How to Teach Prepositions

Assorted-title of books piled in the shelves.jpg

Learning what prepositions are and what they are used for is relatively easy when the task is presented as a couple of games.

  • A ball
  • A handout which lists at least 20 prepositions.
  • A handout with two “preposition poems (see step #4) on one side and starter lines on the other side.
  • A handout with two paragraphs of prose.
  • Highlighters for each student.

1 How to Teach Prepositions

2 Begin

Begin by using the ball to demonstrate the basic idea of prepositions. Place the ball on the floor and ask where it is. Then put the ball in different locations, eliciting responses such as under the desk, on the file cabinet, between the wastebasket and the bookshelf, across from the dictionary, etc. Explain that you’ve just answered a lot of questions about “where.”

3 Next

Next, ask questions about “when.” When will you be 15 years old? (in five years) When will you go to recess? (after lunch) When will you have lunch? (before recess), when is Independence Day (on the Fourth of July).

4 Give students

Give students a handout which lists at least 20 prepositions. You might use these: about, above, across, after, around, at, before, behind, below, beneath, between, by, during, in, into, off, on, over, toward, under, upon, with.

5 Hand out copies

Hand out copies of the following poems and read students the following poem: (Point out that every line starts with a preposition except the last one.)\n\nExample One\nThrough the house they ran. \nUp the stairs and \nInto my room.\nOn top of my bed, \nUnder the covers,\nI found my cats.\n\nExample Two\nDuring the movie, \nBeneath the seats,\nOn the floor,\nWith all the other trash,\nA dumped over box of popcorn.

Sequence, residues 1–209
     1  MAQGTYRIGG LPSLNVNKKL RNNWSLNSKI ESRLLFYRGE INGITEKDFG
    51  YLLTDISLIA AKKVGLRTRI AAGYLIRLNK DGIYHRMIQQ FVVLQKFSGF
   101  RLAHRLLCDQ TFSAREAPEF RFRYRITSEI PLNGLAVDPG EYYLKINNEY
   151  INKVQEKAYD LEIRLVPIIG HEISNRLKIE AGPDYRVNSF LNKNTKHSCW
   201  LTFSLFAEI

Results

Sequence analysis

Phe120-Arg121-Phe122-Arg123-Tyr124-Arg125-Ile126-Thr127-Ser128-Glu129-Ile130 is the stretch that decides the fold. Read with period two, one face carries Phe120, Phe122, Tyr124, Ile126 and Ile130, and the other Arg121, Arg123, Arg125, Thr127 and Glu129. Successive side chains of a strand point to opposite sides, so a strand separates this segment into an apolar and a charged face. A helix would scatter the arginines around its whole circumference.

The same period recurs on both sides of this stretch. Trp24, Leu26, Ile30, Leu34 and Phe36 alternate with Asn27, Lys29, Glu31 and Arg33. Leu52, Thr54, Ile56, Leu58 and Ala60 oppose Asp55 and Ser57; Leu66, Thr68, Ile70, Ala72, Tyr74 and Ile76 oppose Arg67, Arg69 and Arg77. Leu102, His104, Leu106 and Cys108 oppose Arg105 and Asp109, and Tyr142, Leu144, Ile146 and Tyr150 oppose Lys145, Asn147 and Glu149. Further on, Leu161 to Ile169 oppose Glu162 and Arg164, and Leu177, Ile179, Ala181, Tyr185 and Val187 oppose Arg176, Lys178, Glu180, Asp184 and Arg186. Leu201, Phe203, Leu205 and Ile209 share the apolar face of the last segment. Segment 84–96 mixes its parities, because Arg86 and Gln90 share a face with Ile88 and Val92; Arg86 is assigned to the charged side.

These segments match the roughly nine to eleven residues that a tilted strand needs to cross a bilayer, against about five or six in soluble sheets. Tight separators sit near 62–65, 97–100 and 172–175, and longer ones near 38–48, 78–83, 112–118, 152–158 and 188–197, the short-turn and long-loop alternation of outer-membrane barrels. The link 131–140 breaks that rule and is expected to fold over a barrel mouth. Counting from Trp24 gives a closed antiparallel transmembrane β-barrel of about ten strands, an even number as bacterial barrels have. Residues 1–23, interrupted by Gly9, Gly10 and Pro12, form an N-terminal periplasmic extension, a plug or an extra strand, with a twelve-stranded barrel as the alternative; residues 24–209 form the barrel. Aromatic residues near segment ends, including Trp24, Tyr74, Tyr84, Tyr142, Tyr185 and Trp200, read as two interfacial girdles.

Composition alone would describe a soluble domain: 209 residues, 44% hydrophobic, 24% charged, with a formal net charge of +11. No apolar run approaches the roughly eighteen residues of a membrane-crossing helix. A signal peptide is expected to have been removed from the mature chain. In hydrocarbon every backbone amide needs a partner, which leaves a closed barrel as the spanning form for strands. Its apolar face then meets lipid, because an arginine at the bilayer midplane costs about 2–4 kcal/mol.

6 Ask students

Ask students to turn over the sheets with the poems. On the back you will have given them two choices for a first line of a preposition poem they can write (or they might come up with their own first line).\n\n“In my classroom” OR\n“On the playground”\n\nRemind students that each line must start with a preposition except the last one. Poems should be at least five lines in length.

Peggy Epstein is a freelance writer specializing in education and parenting. She has authored two books, "Great Ideas for Grandkids" and "Family Writes," and published more than 100 articles for various print and online publications. Epstein is also a former public school teacher with 25 years' experience. She received a Master of Arts in curriculum and instruction from the University of Missouri.